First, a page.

The number of survivors is increasing, writes Janice Preston, and they need help with every aspect of life
The recent deaths of celebrities Sir Terry Wogan, David Bowie and Alan Rickman from cancer have put the risks of dying from the disease very much in the spotlight.
However, even though more people are being diagnosed with cancer every year, the number of those surviving the disease is also increasing.
This leads to a different set of problems and despite best efforts by the professionals involved, pressures in the current cancer care system mean it often can’t provide the support patients need to cope or recover.
In Scotland, there are currently around 220,000 people living with cancer. This number is expected to rise to 360,000 by 2030.
While it used to be thought of as a death sentence, now only around half of those diagnosed with cancer in Scotland will die – and they may have many months or even years before they do so.
Unfortunately though, many of those living with cancer will be coping with the long term impacts of the disease – ranging from the physical and emotional to the financial and practical – that can last long after treatment ends.
And too often they won’t be offered the help they need to deal with these problems, leaving them to struggle on alone.
A Macmillan study in 2013 found 80 per cent of Scots cancer patients were £420 worse off after diagnosis. Another study in 2014 discovered a third of Scots with cancer were lonelier after diagnosis and 76 per cent struggled with practical issues such as washing themselves or leaving the house.
There is still a perception among many that helping people with cancer is about early detection and better treatments. While these issues are undoubtedly important, treating someone with cancer shouldn’t just be about treating the illness. Often it is after treatment ends that the full extent of the problems cancer has caused becomes apparent.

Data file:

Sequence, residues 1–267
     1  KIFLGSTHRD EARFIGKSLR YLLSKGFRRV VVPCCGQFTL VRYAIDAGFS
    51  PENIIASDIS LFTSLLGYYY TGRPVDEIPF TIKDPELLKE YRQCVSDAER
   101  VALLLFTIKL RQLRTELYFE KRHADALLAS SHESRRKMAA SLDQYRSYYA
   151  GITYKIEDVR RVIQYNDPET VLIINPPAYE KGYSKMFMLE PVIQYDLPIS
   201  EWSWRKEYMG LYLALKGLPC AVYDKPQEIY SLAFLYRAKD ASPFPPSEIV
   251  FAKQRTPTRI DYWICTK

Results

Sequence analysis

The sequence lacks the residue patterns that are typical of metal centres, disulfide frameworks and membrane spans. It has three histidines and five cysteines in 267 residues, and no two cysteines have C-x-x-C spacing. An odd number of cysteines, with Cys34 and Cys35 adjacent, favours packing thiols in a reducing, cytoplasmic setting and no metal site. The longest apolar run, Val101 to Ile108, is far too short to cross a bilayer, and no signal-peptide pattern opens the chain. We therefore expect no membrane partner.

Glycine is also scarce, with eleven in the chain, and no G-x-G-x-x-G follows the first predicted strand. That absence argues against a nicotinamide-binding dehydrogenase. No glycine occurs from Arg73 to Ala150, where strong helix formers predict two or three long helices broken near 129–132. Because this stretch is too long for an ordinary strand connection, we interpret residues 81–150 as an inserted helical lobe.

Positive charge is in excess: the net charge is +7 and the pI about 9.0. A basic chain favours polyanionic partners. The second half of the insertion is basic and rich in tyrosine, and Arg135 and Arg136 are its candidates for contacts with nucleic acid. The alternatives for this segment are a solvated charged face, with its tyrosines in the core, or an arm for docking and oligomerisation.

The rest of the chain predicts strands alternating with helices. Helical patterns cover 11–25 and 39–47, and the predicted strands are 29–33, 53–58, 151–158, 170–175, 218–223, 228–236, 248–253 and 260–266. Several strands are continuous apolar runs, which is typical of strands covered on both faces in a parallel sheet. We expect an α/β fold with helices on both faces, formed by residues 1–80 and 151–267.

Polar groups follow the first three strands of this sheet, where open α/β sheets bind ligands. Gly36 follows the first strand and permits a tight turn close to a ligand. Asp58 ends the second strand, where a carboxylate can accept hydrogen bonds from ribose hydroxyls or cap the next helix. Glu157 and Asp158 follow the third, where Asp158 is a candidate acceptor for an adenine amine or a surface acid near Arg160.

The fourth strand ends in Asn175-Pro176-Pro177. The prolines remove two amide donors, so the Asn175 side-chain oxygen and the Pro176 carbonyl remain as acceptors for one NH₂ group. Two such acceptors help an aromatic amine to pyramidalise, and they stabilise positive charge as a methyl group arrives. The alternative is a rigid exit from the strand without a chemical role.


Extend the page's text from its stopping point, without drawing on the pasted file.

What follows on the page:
Many people tell Macmillan that while treatment can be very hard, their schedule of appointments and regular contact with their cancer care team makes them feel cared for and supported. After treatment ends some patients say it’s like falling off the edge of a cliff or as if they have been abandoned by the system.
Often health services, the local council social care teams and charities do provide the services people with cancer need. However there is no easy way for patients and carers, or even their cancer team, to find out about all the help available.
Left alone to deal with problems ranging from debt and depression to fatigue and pain, some people find their problems increase until they can no longer cope. Others find ways to deal with their issues but the long term impacts of their illness prevent them living life as fully as they would like.
Macmillan wants to make sure no one in Scotland has to face cancer alone. This is why we are asking the Scottish Government to publish a cancer plan that sets out how people with cancer will get the best possible emotional, practical, medical and financial support from the moment of diagnosis onwards.
We also want everyone with cancer to be offered a Holistic Needs Assessment followed by a written support plan.
In addition, we’re calling on the government to ask patients about their experiences of care and support via a regular Cancer Patient Experience Survey. This would bring Scotland into line with England, Wales and Northern Ireland and help to shape the future direction of cancer care in our country.
If we focus solely on treating the cancer and ignore the collateral damage it leaves behind, we condemn many people to years of feeling alone, struggling with physical side effects, depression and debt, unable to get back to work or engage in life again.
This isn’t just about end-of-life care – although that does need to be improved. It’s about making sure no one spends their final years or months feeling alone when there are support groups and counselling services available. It’s about ensuring people aren’t worrying about paying their rent when specialist money and debt advisers can help, or struggling without the right housing adaptations when a call to the right person in the local council could help make life much easier.
Saving lives and cutting waiting lists grab the headlines, but to focus on this to the exclusion of providing all the other help people who have had a cancer diagnosis need, is condemning them to face their illness alone. Macmillan want to make sure this doesn’t happen.
• Janice Preston, head of Macmillan services for Scotland